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Environmental Groups Single Out Dairy Farmers And Regional Councils Over Dirty Streams    Chris Mole - Associate Editor

NZ’s dairy industry is under fire again for polluting rivers and streams, after a new study showing almost 95% of the country’s lowland waterways have unacceptably high levels
of faecal bacteria. Environmental groups are pointing the finger at dairy farmers as the chief culprits. And the Ecologic Foundation goes further, accusing Regional Councils of being accomplices in the crime, by being too soft on farmers’ polluting activities.

Ecologic Foundation Executive Director Guy Salmon believes a Clean Streams Accord signed last year by diary giant Fonterra, with MAF, the Ministry for the Environment and local Govt, committing farmers to fence off 90% of their streams from stock by 2012, goes nowhere near far enough towards tackling the problem.

“At the current rate of progress, the goal of restoring NZ’s waterways to a fishable and swimmable standard remains hundreds of years away. It’s high time for a sense of urgency on these issues.”

Salmon claims most regional councils are reluctant to tackle pollution caused by agriculture, perhaps because they feel it’s in the too hard basket. Thus, the dairy industry is “getting off scot-free. If it’s a big multinational, or an urban business, (councils) will crack down on them, but they seem reluctant to recognise the impact of farmers.”

Salmon adds this means waterways continue to be polluted, not just by faecal bacteria but also by nutrients such as phosphates and nitrates, leaching off farms into waterways, which can’t be stopped by fences. Fish and Game Council Director Bryce Johnson claims the filthy state of NZ streams makes a mockery of the country’s “100% pure” marketing campaign overseas.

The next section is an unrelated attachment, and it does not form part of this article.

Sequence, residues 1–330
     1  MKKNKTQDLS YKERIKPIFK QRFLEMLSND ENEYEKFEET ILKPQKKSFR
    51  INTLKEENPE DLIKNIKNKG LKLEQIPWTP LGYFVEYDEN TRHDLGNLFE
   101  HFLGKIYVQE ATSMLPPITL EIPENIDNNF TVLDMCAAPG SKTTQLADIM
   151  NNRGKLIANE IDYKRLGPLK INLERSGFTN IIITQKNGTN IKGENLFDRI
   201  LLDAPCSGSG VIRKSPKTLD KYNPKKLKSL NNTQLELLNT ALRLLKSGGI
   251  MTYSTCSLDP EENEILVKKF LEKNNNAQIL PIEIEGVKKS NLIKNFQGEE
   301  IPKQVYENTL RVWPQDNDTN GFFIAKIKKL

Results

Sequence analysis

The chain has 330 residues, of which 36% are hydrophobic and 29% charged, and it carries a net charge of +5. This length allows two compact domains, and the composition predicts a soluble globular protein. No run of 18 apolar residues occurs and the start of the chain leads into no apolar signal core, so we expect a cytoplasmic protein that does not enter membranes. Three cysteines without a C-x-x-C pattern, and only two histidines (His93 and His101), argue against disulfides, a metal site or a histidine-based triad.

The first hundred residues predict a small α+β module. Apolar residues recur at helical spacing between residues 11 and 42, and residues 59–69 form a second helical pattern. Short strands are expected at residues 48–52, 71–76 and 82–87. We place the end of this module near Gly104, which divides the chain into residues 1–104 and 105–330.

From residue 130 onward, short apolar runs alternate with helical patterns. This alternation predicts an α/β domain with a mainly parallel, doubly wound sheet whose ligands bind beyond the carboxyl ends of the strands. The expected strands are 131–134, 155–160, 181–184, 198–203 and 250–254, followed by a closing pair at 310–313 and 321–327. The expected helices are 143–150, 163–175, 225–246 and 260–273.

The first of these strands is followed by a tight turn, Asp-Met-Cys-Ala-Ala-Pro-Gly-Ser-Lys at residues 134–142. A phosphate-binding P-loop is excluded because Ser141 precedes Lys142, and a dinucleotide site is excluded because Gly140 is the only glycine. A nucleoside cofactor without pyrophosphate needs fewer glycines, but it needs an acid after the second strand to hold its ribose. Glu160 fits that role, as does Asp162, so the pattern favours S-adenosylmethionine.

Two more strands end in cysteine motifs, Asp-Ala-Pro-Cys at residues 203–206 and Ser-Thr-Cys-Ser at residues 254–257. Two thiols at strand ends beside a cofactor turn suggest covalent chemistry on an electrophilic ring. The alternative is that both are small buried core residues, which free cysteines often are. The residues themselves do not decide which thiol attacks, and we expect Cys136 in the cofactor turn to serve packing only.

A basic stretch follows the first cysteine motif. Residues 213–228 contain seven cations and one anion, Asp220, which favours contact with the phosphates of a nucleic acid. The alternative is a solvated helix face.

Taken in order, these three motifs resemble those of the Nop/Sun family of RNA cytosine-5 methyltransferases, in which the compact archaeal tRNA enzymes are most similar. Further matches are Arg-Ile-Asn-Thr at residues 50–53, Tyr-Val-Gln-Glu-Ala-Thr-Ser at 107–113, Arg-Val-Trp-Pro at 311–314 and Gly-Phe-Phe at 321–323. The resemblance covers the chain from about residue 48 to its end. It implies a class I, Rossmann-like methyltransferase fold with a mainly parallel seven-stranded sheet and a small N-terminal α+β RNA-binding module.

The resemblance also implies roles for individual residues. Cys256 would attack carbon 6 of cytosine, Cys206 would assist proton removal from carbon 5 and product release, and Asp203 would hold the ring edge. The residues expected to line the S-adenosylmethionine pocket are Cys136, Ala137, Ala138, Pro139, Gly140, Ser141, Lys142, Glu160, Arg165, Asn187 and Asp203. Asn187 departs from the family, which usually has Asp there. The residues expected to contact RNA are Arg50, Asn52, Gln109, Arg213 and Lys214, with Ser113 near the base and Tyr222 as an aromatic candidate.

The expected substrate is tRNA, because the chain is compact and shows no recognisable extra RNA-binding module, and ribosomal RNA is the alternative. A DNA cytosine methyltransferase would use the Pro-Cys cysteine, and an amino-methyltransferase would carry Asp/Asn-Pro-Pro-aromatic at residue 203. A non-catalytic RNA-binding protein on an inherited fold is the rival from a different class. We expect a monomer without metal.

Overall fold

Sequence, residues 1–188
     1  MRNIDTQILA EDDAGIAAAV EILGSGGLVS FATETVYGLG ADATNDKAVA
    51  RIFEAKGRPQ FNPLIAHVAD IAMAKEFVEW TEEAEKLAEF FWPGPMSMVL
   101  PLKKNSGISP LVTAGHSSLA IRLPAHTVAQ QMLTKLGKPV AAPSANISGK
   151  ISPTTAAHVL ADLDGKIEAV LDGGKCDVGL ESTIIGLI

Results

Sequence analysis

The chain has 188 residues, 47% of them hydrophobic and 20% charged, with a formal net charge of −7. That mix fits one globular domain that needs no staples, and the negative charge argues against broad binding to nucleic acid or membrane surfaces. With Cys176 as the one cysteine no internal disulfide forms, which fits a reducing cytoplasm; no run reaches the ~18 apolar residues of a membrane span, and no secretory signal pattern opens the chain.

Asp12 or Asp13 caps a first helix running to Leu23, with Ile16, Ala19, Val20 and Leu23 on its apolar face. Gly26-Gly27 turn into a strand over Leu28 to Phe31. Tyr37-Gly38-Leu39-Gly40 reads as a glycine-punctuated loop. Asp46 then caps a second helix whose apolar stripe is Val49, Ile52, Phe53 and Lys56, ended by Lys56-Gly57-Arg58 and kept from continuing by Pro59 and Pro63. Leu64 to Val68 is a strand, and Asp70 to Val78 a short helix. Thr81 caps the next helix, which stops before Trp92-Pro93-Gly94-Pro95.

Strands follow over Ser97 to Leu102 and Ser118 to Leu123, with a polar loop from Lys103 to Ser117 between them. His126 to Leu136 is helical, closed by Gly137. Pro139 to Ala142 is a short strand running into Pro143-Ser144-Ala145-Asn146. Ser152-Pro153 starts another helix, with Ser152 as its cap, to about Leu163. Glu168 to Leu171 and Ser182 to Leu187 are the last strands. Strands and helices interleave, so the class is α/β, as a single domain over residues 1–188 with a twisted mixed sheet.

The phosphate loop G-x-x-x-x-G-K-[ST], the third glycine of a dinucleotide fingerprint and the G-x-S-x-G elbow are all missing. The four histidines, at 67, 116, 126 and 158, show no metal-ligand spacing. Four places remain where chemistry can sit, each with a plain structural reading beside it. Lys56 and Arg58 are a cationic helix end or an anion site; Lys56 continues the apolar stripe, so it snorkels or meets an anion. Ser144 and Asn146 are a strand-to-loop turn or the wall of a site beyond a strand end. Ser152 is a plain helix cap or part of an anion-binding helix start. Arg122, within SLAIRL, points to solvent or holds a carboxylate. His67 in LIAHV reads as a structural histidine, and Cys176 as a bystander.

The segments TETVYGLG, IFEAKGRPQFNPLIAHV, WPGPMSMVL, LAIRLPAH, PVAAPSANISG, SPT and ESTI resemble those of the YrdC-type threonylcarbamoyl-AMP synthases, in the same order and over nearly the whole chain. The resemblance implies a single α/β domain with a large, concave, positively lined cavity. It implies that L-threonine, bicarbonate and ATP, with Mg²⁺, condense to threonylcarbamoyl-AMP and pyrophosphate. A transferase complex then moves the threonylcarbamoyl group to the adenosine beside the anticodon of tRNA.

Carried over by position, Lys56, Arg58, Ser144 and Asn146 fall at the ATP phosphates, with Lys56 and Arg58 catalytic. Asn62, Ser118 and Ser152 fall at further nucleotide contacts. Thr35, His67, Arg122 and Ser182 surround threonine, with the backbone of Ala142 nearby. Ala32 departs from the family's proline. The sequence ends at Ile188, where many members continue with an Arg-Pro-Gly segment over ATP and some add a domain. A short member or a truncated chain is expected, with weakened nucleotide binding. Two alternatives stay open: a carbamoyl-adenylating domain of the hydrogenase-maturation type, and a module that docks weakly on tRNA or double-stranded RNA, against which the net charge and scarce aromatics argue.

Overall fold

Johnson says the reality is NZ is only “50% pure” and he agrees regional councils must shoulder much of the blame, along with the Ministry for the Environment, for being too soft on “dirty dairying.” Johnson says “there’s no problem with the range of tools within the Resource Management Act, the problem is inadequate implementation by Central and Local Government.”

Fonterra Technical Manager Shane Lodge says the company is acutely aware of dairying’s contribution to water pollution and the industry is taking several environmental initiatives, on top of the Clean Streams Accord, funded by a levy of 3.4c/kg of milk solids per farmer.
This includes research by Lincoln University on Fonterra’s behalf to help reduce water pollution. Lodge stresses other intensive farming activities are contributing to water pollution.

The Auckland Regional Council has just signed an agreement with Fonterra including voluntary targets for dairy farmers to fence off waterways from stock and prevent nutrients getting into rivers and streams. ARC Chairman Gwen Bull says the agreement “shows a real commitment” by the dairy industry to protect the environment.

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